The phrase “attitude is everything” has long been used to help inspire and motivate people of all ages. And in honor of Positive Thinking Day, recognized on Sunday, September 13, Apex Leadership Co. offers tips to help students take control of their “attitude,” work towards positive thinking, and change their lives for the better!

Positive thinking has so many positive benefits! Being a positive thinker can help people handle challenges and solve problems — it can even be good for one’s health. In fact, Johns Hopkins’ expert Lisa R. Yanek, M.P.H., and her colleagues found that “positive people from the general population were 13 percent less likely than their negative counterparts to have a heart attack or other coronary event.” For the study, Yanek and her team determined “positive” versus “negative” outlook using a survey resource that assessed a person’s cheerfulness, energy level, anxiety levels and satisfaction with health and overall life.

Thinking positively might not come naturally to all students, but there are little things everyone can do to change their attitude and create a more positive outlook. The article on the John Hopkins Medicine website suggests simply smiling or trying to find humor during moments of stress or frustration. The article states, “A University of Kansas study found that smiling—even fake smiling—reduces heart rate and blood pressure during stressful situations. So try a few minutes of YouTube humor therapy… It’s difficult not to smile while watching a favorite funny video.” Most students can relate to that. Need some silly inspiration for a few laughs? Check out some of the Apex Squad’s challenge videos such as the Pancake Art Challenge or the Pass the Pumpkin Challenge.

When faced with a frustrating, stressful or difficult situation, students can also change their attitude through gratitude. Instead of thinking about all the bad or negative parts of a situation, they can think about the positive aspects. It’s also important to consider what students can control — and what they can’t. When faced with a challenging subject in school or a tough teacher, they might not be able to control the situation, but they can take control of their role in managing it by studying hard, seeking help from a study group or tutor, or spending time with the teacher in office hours to help get a handle on the subject matter.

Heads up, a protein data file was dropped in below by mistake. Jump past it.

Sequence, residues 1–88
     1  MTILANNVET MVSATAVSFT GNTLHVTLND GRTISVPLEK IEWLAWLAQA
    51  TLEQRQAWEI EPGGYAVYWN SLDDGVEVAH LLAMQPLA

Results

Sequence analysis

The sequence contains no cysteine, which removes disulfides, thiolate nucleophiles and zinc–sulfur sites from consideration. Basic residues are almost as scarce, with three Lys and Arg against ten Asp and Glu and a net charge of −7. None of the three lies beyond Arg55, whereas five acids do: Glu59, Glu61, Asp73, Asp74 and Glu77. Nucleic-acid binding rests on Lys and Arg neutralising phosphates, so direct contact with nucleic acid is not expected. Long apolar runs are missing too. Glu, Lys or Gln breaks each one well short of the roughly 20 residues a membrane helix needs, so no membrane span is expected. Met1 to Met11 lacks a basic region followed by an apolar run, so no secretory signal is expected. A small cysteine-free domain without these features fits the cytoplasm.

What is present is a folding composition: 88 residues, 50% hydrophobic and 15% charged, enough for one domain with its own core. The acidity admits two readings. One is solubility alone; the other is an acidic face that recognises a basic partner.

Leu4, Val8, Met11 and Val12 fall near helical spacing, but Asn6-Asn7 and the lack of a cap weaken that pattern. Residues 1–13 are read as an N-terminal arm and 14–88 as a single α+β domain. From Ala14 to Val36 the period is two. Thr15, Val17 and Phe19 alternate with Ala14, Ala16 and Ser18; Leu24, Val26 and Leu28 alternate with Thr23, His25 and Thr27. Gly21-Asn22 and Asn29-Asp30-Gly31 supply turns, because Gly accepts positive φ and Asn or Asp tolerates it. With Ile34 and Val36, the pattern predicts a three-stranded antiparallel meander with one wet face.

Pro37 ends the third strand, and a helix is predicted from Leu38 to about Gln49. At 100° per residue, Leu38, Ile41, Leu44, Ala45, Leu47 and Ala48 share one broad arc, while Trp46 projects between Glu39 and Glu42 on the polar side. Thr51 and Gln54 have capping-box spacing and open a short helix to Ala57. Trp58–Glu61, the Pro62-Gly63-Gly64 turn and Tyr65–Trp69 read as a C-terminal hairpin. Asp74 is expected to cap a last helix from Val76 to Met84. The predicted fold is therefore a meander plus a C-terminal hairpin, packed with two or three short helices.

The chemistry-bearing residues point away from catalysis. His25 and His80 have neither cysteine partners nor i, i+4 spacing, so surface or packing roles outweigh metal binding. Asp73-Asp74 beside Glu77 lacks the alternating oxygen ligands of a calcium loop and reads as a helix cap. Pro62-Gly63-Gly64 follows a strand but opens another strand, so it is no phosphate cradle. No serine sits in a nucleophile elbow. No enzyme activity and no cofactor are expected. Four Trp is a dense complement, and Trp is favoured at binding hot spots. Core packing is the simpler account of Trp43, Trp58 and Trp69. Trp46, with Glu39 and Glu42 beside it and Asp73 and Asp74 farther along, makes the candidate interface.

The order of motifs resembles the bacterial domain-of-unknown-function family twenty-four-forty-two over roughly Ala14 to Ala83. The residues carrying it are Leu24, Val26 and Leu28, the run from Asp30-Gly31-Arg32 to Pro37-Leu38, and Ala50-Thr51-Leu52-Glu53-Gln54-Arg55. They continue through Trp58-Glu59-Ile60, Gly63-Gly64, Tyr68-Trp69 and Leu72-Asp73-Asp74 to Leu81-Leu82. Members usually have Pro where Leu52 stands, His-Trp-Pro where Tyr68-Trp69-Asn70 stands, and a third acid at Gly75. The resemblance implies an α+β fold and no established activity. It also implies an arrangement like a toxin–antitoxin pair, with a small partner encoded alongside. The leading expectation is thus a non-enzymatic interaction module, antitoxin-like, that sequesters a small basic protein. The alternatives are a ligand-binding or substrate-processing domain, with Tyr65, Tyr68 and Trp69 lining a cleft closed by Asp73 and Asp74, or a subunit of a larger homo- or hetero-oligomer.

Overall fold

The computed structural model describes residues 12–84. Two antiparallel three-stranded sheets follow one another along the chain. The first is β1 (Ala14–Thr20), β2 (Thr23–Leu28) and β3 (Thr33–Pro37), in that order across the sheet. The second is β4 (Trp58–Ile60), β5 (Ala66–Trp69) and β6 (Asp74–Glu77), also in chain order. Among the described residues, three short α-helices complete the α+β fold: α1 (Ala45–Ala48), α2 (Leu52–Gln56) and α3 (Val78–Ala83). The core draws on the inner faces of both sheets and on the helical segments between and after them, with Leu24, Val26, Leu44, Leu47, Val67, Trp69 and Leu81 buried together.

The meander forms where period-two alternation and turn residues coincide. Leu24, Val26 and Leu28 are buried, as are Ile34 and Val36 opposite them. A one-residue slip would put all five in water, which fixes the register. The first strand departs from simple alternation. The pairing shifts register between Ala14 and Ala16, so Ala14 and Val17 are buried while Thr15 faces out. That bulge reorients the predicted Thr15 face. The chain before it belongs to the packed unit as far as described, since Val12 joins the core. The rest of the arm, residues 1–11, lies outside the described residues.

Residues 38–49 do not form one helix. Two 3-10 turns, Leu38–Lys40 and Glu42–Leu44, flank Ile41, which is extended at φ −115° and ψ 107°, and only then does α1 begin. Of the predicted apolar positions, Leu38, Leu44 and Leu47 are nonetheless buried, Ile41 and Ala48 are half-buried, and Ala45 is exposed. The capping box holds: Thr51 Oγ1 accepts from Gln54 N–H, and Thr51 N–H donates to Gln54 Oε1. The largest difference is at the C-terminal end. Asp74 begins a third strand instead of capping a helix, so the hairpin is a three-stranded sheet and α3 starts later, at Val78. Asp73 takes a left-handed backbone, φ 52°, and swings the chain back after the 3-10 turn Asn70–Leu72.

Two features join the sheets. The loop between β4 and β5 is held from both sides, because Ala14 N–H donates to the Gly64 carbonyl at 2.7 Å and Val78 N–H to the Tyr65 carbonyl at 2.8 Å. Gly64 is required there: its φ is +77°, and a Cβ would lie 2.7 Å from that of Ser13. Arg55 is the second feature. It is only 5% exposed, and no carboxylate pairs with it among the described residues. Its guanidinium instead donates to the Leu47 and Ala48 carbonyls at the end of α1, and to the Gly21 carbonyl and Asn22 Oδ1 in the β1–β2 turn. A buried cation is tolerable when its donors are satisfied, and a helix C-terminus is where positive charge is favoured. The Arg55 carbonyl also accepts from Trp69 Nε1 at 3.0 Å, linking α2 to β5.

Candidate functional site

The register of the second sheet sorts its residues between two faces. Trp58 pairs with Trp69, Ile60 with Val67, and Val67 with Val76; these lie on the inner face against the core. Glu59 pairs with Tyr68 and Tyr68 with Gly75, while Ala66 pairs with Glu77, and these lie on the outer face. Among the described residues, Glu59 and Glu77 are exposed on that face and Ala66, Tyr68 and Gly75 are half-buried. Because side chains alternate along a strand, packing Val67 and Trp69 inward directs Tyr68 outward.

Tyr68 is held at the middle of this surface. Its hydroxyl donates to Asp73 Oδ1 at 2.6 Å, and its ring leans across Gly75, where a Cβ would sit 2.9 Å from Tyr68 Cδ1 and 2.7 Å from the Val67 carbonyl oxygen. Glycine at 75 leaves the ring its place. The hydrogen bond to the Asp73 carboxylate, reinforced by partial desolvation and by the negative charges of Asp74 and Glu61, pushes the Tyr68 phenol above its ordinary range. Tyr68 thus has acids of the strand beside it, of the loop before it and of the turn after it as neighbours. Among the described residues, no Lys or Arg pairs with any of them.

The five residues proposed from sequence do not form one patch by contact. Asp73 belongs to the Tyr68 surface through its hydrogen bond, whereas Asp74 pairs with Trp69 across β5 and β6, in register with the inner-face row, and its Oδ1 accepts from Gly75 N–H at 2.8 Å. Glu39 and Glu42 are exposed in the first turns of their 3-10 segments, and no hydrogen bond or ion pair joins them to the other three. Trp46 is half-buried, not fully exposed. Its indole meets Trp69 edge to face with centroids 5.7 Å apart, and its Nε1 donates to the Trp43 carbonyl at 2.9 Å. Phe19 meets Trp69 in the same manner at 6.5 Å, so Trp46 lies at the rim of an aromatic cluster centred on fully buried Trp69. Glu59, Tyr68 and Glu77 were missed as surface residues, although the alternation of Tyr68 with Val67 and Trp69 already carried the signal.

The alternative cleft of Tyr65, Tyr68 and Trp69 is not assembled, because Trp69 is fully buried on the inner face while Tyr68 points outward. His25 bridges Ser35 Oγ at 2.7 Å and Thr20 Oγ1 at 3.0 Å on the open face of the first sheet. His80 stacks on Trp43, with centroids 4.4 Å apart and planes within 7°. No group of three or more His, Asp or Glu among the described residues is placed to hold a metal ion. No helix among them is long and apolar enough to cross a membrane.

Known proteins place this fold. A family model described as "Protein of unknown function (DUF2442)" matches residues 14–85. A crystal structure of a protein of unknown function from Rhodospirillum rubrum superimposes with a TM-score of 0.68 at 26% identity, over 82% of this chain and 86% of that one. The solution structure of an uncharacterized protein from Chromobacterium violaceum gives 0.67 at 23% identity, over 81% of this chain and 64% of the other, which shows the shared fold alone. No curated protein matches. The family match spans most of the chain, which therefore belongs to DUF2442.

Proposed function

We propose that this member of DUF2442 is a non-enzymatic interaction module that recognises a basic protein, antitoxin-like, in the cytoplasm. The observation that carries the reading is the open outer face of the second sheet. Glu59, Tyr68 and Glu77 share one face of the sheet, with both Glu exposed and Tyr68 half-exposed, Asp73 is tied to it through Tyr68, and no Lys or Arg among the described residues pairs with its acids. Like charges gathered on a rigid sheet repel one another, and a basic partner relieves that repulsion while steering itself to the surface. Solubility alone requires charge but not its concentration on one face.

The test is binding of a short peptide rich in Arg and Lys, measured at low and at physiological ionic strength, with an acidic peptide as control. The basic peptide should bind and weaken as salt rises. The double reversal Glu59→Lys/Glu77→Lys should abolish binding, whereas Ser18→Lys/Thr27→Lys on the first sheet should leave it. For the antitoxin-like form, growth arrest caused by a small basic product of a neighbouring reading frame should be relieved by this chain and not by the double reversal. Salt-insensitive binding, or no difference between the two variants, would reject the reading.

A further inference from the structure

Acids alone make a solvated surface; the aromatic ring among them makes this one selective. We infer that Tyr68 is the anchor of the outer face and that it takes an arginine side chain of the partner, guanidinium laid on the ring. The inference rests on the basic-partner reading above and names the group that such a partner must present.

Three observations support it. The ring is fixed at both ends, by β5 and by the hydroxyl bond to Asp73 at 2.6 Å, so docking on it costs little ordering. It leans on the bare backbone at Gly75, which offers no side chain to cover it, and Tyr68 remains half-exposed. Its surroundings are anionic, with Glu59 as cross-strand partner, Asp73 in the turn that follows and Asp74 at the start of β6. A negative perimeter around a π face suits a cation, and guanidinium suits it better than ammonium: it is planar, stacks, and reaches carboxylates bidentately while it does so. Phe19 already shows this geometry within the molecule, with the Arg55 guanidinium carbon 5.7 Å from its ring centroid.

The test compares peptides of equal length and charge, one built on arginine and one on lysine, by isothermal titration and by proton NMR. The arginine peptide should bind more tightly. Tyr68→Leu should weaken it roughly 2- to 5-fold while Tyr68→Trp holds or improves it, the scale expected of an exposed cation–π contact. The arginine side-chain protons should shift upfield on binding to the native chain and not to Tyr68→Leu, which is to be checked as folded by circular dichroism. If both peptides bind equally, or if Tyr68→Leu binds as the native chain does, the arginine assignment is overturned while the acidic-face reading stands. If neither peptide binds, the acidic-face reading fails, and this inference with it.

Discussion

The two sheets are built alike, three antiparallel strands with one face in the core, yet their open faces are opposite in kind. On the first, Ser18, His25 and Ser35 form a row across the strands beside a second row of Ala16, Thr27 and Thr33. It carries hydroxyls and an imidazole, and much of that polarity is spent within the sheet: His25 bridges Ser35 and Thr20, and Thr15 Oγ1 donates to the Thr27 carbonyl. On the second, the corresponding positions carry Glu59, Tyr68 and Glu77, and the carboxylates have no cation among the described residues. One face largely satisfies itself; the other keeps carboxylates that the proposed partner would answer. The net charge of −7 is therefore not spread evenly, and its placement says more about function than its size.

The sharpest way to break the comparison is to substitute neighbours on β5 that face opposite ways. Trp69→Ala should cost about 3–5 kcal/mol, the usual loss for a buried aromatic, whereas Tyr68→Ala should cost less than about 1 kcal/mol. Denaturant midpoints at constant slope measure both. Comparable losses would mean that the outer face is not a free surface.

While parents and guardians may want to create perfect scenarios for their children, it’s also important to help them understand adversity is part of life — and their outlook upon challenges can make those situations easier or more difficult to navigate. By accepting the fact that nothing (or no one!) is perfect and that change is inevitable, children can become more resilient to challenges. And by looking on the bright side, they can learn to rise to and overcome those challenges with a positive attitude.

Parents, students and teachers alike can use September 13 — Positive Thinking Day — as a jumping off point to commit to thinking on the bright side in everyday life and in every situation. Eventually, thinking positive will come more naturally and can make a difference in how students handle stressful or difficult situations.